1. Try to keep in mind, though, that you yourself were able to somehow see through the hypocrisy and delusions. Conversions to the truth are possible.

        Sure, most people are powerfully committed to some idiotic set of ideas, but usually not because they have any evidence these are true. Usually, it is because they think that convincing others of these ideas will get them something they want—money, recognition, admiration, etc. Economists, psychologists, and any kind of religious grifter would be examples of this.

        My suggestion is, try to remember what helped break you free of your mistaken admiration of Goldstein. Then use that insight to try to help convince others. It won’t work for everyone, obviously, but it will work for some. My own “conversion” was dependent mostly on reading rigorous arguments that challenged my assumptions. This is why I write the kinds of things I do—because if there are others like me, they may be a small minority but my writing might help them the way reading things by Althusser, Foucault, Jameson, and Eagleton helped me to break out of my common-sense beliefs. I grew up in a working class family, in a relatively poor neighborhood, the first in my family to graduate college, so I may have been predisposed to doubt the hegemony, but maybe others are as well.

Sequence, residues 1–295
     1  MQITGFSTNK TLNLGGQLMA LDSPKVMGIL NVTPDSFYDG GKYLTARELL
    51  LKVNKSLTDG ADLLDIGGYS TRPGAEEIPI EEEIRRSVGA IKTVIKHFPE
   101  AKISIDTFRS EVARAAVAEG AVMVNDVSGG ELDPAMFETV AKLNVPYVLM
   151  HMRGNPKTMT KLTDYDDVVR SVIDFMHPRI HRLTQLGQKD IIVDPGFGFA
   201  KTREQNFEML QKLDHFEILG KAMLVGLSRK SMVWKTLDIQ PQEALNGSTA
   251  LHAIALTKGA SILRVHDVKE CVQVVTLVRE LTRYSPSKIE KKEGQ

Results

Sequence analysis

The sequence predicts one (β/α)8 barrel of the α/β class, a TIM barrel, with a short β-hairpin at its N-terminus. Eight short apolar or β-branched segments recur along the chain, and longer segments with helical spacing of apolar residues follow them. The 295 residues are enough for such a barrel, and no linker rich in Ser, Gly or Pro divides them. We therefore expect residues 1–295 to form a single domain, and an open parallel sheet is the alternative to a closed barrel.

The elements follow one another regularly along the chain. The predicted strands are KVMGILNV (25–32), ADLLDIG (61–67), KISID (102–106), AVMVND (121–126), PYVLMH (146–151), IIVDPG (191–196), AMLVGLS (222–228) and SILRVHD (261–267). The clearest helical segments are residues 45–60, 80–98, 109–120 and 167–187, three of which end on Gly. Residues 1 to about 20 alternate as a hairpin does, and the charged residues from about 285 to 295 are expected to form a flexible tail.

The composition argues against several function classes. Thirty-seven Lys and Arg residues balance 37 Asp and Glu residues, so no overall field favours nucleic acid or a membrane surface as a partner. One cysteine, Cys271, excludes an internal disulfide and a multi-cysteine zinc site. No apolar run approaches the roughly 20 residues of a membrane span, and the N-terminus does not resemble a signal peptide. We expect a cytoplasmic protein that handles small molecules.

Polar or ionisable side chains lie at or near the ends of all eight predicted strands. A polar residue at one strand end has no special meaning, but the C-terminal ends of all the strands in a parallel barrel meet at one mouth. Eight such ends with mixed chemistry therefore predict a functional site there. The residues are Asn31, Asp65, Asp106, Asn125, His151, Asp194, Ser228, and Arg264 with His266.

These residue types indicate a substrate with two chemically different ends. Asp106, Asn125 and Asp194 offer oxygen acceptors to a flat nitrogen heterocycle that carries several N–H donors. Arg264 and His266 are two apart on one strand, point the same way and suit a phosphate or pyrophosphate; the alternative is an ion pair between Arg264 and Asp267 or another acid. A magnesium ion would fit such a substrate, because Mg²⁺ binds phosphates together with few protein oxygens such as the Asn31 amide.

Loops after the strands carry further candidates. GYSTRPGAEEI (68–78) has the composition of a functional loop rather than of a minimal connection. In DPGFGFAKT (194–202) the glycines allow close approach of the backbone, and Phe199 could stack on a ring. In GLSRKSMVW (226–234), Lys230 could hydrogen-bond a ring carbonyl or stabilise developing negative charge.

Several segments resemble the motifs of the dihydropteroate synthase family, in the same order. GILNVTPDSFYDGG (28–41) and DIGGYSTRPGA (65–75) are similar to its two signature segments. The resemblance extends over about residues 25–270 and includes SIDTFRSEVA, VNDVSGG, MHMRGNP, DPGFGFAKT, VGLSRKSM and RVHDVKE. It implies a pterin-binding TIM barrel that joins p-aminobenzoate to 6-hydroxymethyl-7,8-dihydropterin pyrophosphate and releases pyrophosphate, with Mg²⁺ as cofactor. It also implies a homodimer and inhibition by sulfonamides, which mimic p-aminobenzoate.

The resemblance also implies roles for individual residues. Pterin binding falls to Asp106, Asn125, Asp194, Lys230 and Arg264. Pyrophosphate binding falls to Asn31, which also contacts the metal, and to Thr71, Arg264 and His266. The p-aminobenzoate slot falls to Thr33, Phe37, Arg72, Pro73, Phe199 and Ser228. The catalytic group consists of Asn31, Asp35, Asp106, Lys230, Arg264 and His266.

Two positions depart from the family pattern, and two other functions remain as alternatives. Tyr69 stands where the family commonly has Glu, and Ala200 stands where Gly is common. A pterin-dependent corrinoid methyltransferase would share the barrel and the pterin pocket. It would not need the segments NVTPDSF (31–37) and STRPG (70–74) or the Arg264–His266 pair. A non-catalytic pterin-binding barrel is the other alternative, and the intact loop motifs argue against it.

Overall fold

I’m curious about your reaction to Goldstein. I met him once, at Barre Center in MA. I tried to ask him a question, but he couldn’t understand what I was asking and was visibly annoyed with me. But my impression of him was that he was disturbingly narcissistic, in a needy kind of way, desperate for approval and admiration. I had that creepy feeling from him that I get from sociopaths, like there was no real person there. You said that after you made eye contact with him you felt something eerie and thought he was dangerous. I wonder if you had that same sense that you were in the presence of a sociopath? They tend to be very charismatic for many people, but others find them off-puttiing. I think there is really something sociopathic about most x-buddhism, so it would make sense that many of its successful grifters are sociopaths.